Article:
Five Stories You'll Care About in Politics This Week

VIDEO: ABC News Jon Karl tracks the latest in politics from Washington DC.
ABCNews.com

It’s tough sledding out there – and that’s not even counting the scofflaw kids who took advantage of the fact that Capitol Hill has, well, a hill. Snow didn’t keep us from learning a whole lot about private email servers, though not much at all about what Hillary Clinton was emailing about. Benjamin Netanyahu gave a speech that looked more like a State of the Union than a State of the Union, except with Sheldon Adelson – plus his wife’s purse – more loose than usual. And the only reason we know that is that everyone is watching “House of Cards,” except that Ben Carson might be watching “Orange is the New Black.”

As President Obama readies some legacy-building in Selma, and Jeb Bush hits Iowa for the first time, here’s a glimpse of some of the stories your ABC News political team is tracking in the week ahead:

UNOPENED MAIL

The story that’s rocked presidential politics in recent days will be harder to erase than a backup hard drive. It won’t go anywhere until Hillary Clinton or her aides explain why – and under whose authority – she declined a State Department e-mail account and chose to conduct all business on a private account, on a server located at her home. Clinton’s response to date has been limited to less than 140 characters. A series of public speeches in coming days – including an anticipated “No Ceilings” announcement in conjunction with the Gates Foundation – will give her more opportunities, though she’s not all that likely to take them. The State Department review of her e-mails will take months, and will only involve the messages her team has chosen to turn over. With subpoenas flying and lawyers spinning, it’s beginning to feel like the 1990s to a growing a number of anxious Democrats.

JEB’S JAUNTS

If you’re looking for an official kickoff for the retail phase of the presidential campaign, this may as well be it. Jeb Bush breaks the Iowa and New Hampshire seal in the week ahead, with his first visit to the kickoff caucus state this weekend, then stops in the first-in-the-nation primary state next Friday. He’s the last major GOP contender to hit the most critical early states. The Iowa visit includes an agricultural forum featuring most of his 2016 rivals, with some calories on top in the form of a visit to a Pizza Ranch in Cedar Rapids. Bush will get some early practice in facing the skepticism many conservatives harbor toward his possible candidacy. The political world will get a glimpse of the wonky, distinctively Jeb style of town-hall campaigning; in Nevada this past week, he made a point of taking questions and offering answers in both English and Spanish.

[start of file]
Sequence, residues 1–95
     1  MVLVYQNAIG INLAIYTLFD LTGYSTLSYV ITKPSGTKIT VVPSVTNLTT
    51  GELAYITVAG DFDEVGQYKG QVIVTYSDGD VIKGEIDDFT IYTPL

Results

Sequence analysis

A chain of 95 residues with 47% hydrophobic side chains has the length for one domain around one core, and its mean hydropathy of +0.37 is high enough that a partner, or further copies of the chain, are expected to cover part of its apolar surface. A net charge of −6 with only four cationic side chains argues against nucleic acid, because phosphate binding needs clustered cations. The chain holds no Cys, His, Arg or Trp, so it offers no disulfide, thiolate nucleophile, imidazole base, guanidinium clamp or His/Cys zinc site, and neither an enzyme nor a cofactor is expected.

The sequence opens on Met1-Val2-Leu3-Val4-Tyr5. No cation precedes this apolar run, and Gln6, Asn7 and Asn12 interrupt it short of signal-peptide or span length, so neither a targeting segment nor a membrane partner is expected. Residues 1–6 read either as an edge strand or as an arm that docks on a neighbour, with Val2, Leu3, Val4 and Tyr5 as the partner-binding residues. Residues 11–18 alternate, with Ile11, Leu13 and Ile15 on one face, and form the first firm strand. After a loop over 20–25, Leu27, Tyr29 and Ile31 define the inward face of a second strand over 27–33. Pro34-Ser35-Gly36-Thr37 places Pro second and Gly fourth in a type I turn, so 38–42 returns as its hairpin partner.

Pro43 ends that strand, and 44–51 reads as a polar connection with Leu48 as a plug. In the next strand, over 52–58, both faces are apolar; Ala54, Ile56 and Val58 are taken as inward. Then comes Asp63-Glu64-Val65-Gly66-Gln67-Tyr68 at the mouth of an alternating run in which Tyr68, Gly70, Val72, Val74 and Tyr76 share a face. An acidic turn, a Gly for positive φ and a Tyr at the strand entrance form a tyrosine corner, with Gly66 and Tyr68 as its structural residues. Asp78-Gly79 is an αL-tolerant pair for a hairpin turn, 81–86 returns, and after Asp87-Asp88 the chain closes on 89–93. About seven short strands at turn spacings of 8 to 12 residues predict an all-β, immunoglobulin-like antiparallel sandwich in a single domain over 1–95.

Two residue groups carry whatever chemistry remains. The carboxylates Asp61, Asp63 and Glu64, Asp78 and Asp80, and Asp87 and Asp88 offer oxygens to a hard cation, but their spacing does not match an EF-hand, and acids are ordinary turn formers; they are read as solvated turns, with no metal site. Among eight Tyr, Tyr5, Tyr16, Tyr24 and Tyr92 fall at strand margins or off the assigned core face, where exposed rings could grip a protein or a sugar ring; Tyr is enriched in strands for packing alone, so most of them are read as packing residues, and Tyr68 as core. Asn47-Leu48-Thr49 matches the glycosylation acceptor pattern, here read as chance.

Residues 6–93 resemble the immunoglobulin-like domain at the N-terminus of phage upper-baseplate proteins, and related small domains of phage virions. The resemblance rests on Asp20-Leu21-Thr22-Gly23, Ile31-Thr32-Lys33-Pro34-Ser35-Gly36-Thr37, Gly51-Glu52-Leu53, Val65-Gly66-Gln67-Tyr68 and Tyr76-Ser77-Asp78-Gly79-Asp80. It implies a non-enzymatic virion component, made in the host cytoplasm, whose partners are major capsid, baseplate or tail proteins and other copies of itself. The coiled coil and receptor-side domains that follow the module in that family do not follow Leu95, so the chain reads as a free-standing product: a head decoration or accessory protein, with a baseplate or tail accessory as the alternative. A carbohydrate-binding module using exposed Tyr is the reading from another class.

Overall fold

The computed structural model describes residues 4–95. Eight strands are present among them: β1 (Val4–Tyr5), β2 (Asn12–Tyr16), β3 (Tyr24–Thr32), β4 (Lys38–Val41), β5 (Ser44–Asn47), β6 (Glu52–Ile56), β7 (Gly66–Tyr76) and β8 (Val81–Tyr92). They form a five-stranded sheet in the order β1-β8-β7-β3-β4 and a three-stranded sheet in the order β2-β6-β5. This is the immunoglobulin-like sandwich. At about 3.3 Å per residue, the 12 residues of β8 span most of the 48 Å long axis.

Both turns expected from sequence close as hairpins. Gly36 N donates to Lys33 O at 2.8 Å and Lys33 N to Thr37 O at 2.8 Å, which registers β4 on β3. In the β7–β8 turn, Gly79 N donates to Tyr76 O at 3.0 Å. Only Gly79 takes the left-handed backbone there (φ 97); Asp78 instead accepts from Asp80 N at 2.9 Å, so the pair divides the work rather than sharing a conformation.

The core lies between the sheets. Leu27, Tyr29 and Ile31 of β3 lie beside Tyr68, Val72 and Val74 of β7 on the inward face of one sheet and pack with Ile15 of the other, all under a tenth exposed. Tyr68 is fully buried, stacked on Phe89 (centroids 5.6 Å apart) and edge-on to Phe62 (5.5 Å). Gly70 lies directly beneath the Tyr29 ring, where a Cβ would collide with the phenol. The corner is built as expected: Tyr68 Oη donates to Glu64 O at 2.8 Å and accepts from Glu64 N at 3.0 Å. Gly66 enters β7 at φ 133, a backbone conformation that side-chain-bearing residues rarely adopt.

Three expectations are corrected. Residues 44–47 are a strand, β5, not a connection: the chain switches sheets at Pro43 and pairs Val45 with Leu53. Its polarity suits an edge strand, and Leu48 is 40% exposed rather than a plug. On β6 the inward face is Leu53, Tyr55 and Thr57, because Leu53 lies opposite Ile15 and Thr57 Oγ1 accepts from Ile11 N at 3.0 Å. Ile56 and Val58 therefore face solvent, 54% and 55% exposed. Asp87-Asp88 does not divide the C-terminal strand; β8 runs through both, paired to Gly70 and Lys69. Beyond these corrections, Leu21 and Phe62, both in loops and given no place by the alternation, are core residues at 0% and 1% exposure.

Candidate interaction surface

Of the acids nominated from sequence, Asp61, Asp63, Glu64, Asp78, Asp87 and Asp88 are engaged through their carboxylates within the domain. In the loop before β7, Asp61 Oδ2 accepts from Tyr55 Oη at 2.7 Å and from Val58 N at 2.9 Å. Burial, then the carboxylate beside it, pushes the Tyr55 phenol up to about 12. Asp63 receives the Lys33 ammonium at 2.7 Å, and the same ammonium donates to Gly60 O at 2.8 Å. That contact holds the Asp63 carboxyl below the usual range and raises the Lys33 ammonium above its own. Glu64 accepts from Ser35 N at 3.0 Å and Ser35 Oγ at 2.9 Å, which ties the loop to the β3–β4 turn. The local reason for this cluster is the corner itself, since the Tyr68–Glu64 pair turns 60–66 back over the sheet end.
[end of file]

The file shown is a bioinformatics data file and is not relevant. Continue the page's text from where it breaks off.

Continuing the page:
JERSEY JUICE

Sen. Robert Menendez has suddenly become the most interesting man in Washington. It’s hard to script, and harder to chart, the web of implications surrounding the senior senator from New Jersey. CNN’s late-week report that Attorney General Eric Holder has greenlighted charges against Menendez, in connection with a corruption investigation involving a political patron, has all eyes on both the senator and the Justice Department. Meanwhile, in his role as the top Democrat on the Senate Foreign Relations Committee, Menendez has emerged as the Obama administration’s chief intra-party critic on two of its biggest foreign-policy initiatives: Cuba policy and Iran nuclear negotiations. Menendez backed the administration – for now – in holding up a vote on new Iran sanctions. Now, with Holder headed for the exits and Iran talks at a make-or-break moment, Menendez’s fate has implications far outside New Jersey.

BOEHNER AND BLUSTER

The federal government did shut down this past week – but blame the snow, not Congress. Almost lost in the flurry of news was the fact that House Speaker John Boehner went forward with a “clean” bill funding the Department of Homeland Security, despite howls of protest from the tea party and its favorites in Congress who wanted to roll back the president’s actions on immigration. That move prompted new cries for Boehner’s ouster, though few expect those to go any further than previous coup attempts. It did, however, highlight the fractious nature of even Boehner’s expanded majority. And he’ll have to cobble votes together again soon: The next debt ceiling deadline is March 15, meaning more brinksmanship is in the offing.

LIBERAL LONGINGS

Hillary Clinton’s e-mail revelations hasn’t helped her standing with the liberal wing of the Democratic Party, which has long been skeptical of the near-coronation that the Democratic primary is looking like at the moment. The question will be whether that translates into support for, say, former Gov. Martin O’Malley, who conveniently has political events to fill the party’s void. It appears highly unlikely that Sen. Elizabeth Warren will change her mind and decide to run, but her supporters have found some other causes in the meantime. Liberal angst over the party establishment is playing out in Chicago, where Mayor Rahm Emanuel is facing a tough run-off challenge. And in Maryland, the so-called “Warren Wing” is hoping to draft Rep. Donna Edwards into the Senate seat that’s opening up in 2016.

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